Supreme Court Will Consider Redefining ‘One-Person, One-Vote’ Principle

Posted: May 26, 2015 in Politics


The case was filed by voters in Texas who claim their ballots carry less weight than those of voters whose state Senate districts include large numbers of illegal immigrants.

While the Constitution is intended to protect the principle of one-person, one-vote, what remains unclear is whether districts must be apportioned based on the number of residents or the number of legal voters.

In states such as Texas, Arizona and California, where the number of illegal immigrants varies from one district to the next, drawing districts based on total population means that voters in one district will have less clout than those in the next.

In the Texas case, for instance, Sue Evenwel’s mostly rural district has about 584,000 citizens eligible to vote, while a neighboring urban district has only 372,000. As a result, voters in the urban district have more sway to influence the outcome.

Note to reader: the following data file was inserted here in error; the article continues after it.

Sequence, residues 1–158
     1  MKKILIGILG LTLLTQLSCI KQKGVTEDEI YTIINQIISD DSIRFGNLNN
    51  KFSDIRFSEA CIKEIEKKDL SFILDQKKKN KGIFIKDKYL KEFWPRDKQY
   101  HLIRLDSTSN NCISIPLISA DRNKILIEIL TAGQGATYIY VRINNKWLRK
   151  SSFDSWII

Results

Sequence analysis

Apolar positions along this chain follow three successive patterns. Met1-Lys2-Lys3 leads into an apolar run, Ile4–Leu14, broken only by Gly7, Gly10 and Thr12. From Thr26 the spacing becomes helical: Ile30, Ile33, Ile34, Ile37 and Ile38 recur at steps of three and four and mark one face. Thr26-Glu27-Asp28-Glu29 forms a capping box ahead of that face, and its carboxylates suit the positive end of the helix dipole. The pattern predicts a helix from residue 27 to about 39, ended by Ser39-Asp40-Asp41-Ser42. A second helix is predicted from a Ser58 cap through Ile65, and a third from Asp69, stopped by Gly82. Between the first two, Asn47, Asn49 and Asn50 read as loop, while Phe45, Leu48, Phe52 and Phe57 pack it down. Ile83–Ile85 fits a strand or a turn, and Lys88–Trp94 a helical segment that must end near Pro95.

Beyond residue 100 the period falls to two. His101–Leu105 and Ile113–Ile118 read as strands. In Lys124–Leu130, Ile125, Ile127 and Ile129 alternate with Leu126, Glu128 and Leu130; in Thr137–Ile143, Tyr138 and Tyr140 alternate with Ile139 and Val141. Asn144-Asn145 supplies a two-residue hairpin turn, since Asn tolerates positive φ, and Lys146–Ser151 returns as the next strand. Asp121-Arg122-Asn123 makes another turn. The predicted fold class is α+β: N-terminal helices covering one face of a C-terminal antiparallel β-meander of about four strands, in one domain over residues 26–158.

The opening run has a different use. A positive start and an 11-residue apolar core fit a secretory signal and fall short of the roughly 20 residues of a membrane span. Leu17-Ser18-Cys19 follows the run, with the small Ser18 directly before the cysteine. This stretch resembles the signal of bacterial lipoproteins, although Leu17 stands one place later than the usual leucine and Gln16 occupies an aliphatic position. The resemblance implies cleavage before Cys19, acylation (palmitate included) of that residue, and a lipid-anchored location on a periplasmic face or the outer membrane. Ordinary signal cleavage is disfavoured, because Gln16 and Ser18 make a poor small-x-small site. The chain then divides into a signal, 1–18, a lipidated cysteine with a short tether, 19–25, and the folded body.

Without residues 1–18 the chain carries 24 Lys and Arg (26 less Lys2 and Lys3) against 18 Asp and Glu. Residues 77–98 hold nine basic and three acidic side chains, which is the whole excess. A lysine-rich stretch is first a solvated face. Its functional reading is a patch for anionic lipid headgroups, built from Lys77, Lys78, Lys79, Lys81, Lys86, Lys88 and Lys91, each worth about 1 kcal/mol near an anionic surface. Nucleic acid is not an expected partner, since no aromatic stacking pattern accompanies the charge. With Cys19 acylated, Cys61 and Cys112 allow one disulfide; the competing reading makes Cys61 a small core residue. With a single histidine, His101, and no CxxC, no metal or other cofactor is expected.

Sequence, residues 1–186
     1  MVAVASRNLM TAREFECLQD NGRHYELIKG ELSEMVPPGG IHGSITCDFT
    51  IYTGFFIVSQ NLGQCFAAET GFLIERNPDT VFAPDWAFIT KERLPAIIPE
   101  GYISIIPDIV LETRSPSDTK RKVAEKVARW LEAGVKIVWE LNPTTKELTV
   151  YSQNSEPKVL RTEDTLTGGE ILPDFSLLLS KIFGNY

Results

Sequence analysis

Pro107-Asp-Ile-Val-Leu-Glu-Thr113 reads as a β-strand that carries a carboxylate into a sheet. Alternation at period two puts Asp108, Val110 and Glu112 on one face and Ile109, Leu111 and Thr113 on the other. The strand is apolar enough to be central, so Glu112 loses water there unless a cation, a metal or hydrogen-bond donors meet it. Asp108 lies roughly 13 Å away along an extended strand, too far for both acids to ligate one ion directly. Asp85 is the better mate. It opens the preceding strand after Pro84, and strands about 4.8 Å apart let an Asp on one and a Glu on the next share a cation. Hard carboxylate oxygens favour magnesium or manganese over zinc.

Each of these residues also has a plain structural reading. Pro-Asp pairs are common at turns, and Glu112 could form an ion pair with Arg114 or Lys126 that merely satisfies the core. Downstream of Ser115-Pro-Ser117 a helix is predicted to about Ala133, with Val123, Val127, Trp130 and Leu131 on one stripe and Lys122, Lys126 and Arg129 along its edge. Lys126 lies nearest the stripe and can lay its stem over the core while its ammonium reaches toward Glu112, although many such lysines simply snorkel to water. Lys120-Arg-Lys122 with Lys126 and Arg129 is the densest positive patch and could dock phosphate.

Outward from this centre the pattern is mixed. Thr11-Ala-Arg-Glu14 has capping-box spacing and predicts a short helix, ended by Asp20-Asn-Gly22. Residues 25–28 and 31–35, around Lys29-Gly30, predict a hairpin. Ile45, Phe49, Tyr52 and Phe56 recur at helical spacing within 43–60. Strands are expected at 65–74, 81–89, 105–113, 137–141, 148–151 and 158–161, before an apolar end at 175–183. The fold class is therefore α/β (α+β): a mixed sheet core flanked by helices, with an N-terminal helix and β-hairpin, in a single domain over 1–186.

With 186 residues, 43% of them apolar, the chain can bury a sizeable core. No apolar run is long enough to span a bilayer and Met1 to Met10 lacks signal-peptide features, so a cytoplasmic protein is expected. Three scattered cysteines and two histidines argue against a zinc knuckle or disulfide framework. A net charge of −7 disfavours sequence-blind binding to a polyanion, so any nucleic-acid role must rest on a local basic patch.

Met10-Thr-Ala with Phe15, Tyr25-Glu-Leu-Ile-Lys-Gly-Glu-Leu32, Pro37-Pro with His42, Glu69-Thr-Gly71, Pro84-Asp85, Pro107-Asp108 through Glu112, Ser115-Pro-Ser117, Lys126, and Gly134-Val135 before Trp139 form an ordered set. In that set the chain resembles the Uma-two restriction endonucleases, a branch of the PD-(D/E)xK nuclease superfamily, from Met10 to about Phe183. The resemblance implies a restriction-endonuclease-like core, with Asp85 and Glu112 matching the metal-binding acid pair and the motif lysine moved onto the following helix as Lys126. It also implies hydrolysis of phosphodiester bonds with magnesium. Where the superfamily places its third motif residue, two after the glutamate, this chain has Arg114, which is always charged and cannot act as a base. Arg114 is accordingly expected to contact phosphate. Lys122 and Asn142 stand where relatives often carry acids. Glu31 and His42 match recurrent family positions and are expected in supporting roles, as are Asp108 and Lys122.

The two voters challenging the state Senate maps claimed in their petition to the high court that in theory, the legislature could have put one voter in each of 30 Senate districts and all the state’s other voters into the 31st. (Such a plan would have trouble meeting other requirements, such as geographic contiguity.)

“The one-person, one-vote principle, by its terms, entitles voters to an equal vote,” the challengers said. “Unless the districting process no longer protects that right, the judgment below cannot stand.”

The organization behind the challenge, the Project on Fair Representation, also was the brainchild of other major Supreme Court cases challenging minority preferences. Among them: Fisher v. University of Texas, challenging the use of affirmative action policies in college admissions, and Shelby County, Ala., v. Holder, challenging a major section of the Voting Rights Act.

Full Story @ [USA Today]


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